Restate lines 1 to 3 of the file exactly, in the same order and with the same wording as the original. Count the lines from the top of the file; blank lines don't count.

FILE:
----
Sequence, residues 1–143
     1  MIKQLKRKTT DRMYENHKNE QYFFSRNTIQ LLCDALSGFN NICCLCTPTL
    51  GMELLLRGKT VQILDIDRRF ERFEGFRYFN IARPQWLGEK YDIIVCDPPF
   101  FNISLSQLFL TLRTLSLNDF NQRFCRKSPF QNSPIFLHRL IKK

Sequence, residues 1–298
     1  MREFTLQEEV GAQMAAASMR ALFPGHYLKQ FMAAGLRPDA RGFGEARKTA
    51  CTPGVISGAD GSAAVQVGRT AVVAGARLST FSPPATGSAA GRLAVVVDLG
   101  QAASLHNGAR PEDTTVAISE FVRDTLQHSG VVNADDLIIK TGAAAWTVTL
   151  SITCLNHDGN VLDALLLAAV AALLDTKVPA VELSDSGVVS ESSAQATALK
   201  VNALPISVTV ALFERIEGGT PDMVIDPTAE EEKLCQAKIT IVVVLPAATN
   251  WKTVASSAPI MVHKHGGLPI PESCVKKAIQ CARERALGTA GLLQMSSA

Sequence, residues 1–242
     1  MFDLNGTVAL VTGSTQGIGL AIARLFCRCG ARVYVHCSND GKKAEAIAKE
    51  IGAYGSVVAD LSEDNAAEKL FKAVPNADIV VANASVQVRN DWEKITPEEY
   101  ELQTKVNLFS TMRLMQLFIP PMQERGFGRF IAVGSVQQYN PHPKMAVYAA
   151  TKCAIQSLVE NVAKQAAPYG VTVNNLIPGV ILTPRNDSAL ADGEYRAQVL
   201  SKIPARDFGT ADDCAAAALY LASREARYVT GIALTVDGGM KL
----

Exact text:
Sequence, residues 1–143
     1  MIKQLKRKTT DRMYENHKNE QYFFSRNTIQ LLCDALSGFN NICCLCTPTL
    51  GMELLLRGKT VQILDIDRRF ERFEGFRYFN IARPQWLGEK YDIIVCDPPF